This special issue of Rungh Magazine is documenting the work of Cultivating Kin. Over the past few years, all of us involved in Cultivating Kin have been asked about what is that we are involved with, and we have struggled to answer in a short, succinct, grant-writing type format. A “check the box” format that is all to familiar to artists who apply for arts funding. In a sense, Cultivating Kin arose out of a desire to not “check the box”. My approach to describing Cultivating Kin in this article is to focus on certain terms that came to my mind as I reflected upon the Cultivating Kin story: Primary Colours; flux and change; relationships not transactions; historically informed; and documentation.
Primary Colours. Conversations about Cultivating Kin in-variably lead to the historic cultural gathering, not a conference, which took place on Lekwungen territories in September 2017. Conceived and hosted by France Trepanier and Chris Creighton-Kelly, Primary Colours/Couleurs primaires (PC/Cp) was a bringing together of IBPOC identified artists from across the country. As Chris Creighton-Kelly noted:
The fundamental goal of the Gathering was to bring people together – across generations, across racial backgrounds, across regions, across gender fluidities, across the two official languages, across artistic disciplines – to talk about this and to see what new knowledge can be generated that went beyond the "access paradigm" or the "inclusion paradigm". We feel that we are in "the engagement paradigm", that is the idea to bring people together who could really generate new approaches to these conversations.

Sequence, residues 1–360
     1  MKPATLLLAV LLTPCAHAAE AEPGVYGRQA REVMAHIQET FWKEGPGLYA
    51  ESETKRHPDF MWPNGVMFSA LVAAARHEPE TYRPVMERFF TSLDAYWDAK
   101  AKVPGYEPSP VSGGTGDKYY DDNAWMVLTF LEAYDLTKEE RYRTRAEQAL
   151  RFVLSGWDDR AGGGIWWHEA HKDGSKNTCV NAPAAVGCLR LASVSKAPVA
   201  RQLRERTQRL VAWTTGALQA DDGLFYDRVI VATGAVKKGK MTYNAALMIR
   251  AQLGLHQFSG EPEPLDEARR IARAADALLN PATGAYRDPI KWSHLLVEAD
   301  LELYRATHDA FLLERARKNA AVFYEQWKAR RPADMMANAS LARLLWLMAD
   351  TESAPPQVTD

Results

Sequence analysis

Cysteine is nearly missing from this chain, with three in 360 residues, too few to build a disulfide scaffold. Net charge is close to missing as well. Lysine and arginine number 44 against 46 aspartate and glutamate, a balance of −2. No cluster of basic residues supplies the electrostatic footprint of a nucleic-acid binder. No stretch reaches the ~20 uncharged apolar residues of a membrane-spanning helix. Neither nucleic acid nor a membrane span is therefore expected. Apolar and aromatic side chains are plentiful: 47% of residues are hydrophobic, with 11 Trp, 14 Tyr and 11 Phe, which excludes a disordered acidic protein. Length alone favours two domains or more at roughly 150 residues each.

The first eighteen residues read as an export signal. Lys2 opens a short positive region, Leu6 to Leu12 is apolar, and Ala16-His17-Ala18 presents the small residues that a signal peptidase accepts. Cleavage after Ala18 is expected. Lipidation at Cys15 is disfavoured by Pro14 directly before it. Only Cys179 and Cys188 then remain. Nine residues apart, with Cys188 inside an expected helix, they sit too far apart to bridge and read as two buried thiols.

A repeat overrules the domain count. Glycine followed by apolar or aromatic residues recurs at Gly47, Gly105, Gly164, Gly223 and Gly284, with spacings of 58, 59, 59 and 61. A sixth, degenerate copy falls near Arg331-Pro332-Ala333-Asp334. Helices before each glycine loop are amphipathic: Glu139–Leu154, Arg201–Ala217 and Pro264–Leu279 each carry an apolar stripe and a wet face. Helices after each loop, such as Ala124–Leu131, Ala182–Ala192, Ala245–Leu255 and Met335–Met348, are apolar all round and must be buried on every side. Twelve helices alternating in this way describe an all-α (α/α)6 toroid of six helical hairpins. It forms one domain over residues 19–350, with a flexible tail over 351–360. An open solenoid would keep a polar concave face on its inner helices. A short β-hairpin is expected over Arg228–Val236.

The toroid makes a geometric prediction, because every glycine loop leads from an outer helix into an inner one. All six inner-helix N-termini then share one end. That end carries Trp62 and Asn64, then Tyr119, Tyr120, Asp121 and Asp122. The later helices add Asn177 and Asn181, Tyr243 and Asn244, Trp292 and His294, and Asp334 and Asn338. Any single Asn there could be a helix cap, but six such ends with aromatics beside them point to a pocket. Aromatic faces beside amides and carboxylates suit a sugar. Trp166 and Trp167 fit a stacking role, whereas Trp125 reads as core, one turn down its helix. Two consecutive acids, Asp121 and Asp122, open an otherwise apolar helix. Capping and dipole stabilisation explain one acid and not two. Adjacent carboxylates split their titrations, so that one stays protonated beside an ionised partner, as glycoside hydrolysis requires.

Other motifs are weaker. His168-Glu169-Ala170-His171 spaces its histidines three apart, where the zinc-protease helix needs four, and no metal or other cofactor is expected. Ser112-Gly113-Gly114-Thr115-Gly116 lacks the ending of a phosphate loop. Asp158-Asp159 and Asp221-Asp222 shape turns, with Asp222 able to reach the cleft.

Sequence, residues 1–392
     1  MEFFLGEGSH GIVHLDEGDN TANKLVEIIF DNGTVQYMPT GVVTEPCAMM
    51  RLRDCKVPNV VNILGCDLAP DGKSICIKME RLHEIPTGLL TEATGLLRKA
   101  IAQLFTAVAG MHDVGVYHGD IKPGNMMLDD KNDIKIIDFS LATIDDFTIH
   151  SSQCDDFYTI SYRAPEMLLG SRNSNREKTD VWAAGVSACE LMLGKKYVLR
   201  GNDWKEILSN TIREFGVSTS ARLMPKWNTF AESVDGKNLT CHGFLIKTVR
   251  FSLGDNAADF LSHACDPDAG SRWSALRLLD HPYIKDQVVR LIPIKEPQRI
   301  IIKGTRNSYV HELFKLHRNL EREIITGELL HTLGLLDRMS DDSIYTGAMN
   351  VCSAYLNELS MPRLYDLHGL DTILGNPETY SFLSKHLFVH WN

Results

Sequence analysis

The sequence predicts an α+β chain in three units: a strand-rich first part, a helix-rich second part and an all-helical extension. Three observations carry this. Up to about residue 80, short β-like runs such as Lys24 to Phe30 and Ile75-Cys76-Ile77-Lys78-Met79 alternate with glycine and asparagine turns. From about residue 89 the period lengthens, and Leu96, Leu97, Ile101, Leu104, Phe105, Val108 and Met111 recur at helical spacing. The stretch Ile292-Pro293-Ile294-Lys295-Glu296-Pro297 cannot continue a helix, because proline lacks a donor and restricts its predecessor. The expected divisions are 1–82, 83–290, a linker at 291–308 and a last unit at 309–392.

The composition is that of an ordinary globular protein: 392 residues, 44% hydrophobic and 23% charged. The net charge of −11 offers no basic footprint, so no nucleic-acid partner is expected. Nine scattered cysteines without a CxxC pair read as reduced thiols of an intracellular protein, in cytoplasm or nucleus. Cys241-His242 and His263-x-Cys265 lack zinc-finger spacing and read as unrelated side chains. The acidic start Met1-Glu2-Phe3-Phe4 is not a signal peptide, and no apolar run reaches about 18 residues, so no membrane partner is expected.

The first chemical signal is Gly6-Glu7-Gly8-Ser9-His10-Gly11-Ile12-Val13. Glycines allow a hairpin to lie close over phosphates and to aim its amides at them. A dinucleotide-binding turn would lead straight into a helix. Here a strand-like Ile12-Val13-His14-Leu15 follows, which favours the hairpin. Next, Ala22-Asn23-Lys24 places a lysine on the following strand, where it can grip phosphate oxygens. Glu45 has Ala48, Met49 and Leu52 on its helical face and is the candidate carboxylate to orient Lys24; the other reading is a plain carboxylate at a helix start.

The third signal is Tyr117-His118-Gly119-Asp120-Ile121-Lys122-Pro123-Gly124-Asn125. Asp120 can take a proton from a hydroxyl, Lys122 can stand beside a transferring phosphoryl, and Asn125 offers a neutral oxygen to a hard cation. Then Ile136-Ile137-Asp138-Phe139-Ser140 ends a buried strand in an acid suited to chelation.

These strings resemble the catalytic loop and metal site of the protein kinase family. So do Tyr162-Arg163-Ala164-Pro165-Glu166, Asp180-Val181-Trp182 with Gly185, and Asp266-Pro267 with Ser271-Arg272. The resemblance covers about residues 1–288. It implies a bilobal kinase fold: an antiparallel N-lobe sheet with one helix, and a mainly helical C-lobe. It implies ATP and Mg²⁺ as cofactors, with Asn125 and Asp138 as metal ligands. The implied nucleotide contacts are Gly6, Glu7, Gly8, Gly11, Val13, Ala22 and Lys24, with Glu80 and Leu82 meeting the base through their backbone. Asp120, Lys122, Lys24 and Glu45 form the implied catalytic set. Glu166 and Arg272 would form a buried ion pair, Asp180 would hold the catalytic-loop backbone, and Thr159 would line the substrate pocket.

Rungh was relaunched in 2017 at PC/Cp as a web platform and Rungh became an Incubation Partner committed to centering IBPOC arts practices in Canada’s arts systems. At PC/Cp, some of the creators who would become the Cultivating Kin core group met for the first time, or met again, their paths having crossed over the years. Inspired by PC/Cp, a Vancouver group of PC/Cp artists began to meet informally to build relationships and to discuss the possibility of new approaches to culture making and arts funding.
Flux and Change. The post PC/Cp conversations in the Vancouver group were taking place at a time when funders were hearing the message that traditional funding approaches were no longer sufficient to encompass the broad set of changes which IBPOC artists were seeking. During the 2017-2019 period, the City of Vancouver began on visioning its Culture Plan. The eventual result was Vancouver Culture/Shift 2020-2029. As a part of the consultation process, in 2018 the City of Vancouver funded “Host Your Own Engagement Sessions”. David Ng, Margo Kane, Valerie Sing Turner, Haruko Okano, and I, became the hosts of two sessions: the first at Britannia Community Centre and the second at the studios of Full Circle First Nations Performance.